In the American experience, this self-assertion found fertile ground and international appeal in the Garvey Movement—One Race, One God, One Destiny and fired the imagination of a people, to such an extent, that in spite of retreats and even reversals, continues its forward march.  The aspirations of the sixties and seventies movement and its attendant pockets of success in a few academic institutions today is part of that self assertion of the early Twentieth Century as well as fields of gender, and ethnic studies.  This quest for cultural sovereignty primarily within the context of the black experience has been merely a side show as academic institutions continue to exercise intellectual monopoly in the service of empire.

Monopoly is exercised in a number of ways including the most obvious of canonical text representations.  Along with obvious perennial inclusions of the Plato Aristotle, Aquinas, Descartes, Kant, Hume, Hegel, Marx, etc., there seems to this arbitrariness to this selection of inclusion and the general survey of typical undergraduate introductory courses in the discipline of philosophy is quite instructive or history for that matter.  The concept of the market place of ideas as an open forum which generates certain kinds of egalitarian free exchange is no different from the myth of free trade in the economic sphere.  Academic institutions, for the most part, irrespective of lofty mission statements are there to preserve a world view and work towards the maintenance of a certain social order while at the same time strive to give the appearance of free exchange and the sovereignty of intellectual freedom.  The pretense of cultural and intellectual diversity is readily exposed when the content of curricula is examined.    Officialdom continues to make selections of the tried and the true representative figures over the centuries and, for the most part, works of those outside the official canons are regulated to special topics for consideration. 

As we face continuous economic contraction, there will be reversals of even the minute gains that have been made in terms of other voices being heard in academia.  Consequently, the battle over ideas is not merely an intellectual one, but economic, cultural, social, and political.  The free flow of ideas is exercised within the constraint of decision making within the institution as to who will be hired, who will be fired and many times how the general public will respond to these ideas.  In many instances, it is not a matter of right or left but how to maintain social order within and without the academic community especially since knowledge transference has become a commodity like any other.  Many in the movement—sixties and seventies—understood clearly that education as a revolutionary weapon for cultural transformation would have to be cultivated outside of the monopoly of the major intellectual institutions and many set out to accomplish this task at the community level.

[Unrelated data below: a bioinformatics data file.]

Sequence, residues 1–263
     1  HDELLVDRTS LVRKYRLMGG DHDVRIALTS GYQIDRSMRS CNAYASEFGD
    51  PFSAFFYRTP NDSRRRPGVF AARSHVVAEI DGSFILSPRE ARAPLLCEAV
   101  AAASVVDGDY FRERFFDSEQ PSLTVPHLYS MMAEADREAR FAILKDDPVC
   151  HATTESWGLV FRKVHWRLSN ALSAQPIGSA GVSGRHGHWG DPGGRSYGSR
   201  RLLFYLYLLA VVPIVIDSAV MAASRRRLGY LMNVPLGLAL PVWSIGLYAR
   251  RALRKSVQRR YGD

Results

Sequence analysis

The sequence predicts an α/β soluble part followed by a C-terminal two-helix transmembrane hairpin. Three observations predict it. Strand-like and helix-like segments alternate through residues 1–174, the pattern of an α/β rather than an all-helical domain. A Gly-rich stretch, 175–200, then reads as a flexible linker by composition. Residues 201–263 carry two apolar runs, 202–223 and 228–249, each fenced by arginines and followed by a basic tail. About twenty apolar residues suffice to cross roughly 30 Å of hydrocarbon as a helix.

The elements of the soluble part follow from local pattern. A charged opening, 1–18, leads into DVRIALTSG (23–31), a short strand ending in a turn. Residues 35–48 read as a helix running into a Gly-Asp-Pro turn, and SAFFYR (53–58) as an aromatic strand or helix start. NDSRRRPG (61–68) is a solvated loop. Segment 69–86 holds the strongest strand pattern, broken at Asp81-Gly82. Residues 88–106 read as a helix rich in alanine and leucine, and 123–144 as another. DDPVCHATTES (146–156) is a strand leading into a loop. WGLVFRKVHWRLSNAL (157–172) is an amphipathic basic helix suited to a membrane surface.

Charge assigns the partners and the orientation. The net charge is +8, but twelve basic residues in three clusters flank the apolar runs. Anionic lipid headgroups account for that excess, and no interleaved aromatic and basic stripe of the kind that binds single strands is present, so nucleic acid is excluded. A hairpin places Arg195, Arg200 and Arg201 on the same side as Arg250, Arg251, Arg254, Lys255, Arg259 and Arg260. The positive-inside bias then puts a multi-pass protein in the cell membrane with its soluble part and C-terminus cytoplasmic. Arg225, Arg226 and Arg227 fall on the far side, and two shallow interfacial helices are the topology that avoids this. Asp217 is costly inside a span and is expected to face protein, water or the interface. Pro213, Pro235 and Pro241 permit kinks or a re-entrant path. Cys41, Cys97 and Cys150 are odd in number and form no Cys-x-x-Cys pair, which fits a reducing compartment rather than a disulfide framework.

We are at the threshold of another revolution that might just put a dent in the intellectual monopoly by opening up a new vista on the information super highway.  Out of the confusion of the internet chatter many more voices will be heard.  Until such time, (if that is at all possible given the ruling capitalist class to harness all technological advance within its control) there is hardly any possibility that there will be any real opening to intellectual diversity in higher education especially as stated already that most of the ideas that are popularized are not culture neutral but are the most part related to who benefits and under what conditions. Case in point is the scramble for research grants and what topics are considered worthy for these endeavors.

Since intellectual monopoly is all part and parcel of socio-economic structures when different ideas intrude on the revered canons and canonical figures this is perceived by many within and without academia as an assault on the established way of life, namely, social and economic structures.  It is naïve to believe that one should get a hearing merely because of the persuasiveness of one’s ideas especially when it goes against the grain of the established order.  Intellectual monopoly, in its present form, will experience change when the legitimacy of the present social arrangement is called into question and new ones are formed.  Many institutions that profess democratic ideas—free flow of information—stand scandalized by their suppression of dissenting voices and leaders within the institutions are always engaged in delicate and sometimes dangerous balancing act between maintaining social order and promoting the free flow of ideas always relating decision making to economic forces and the preservation of institutional traditions.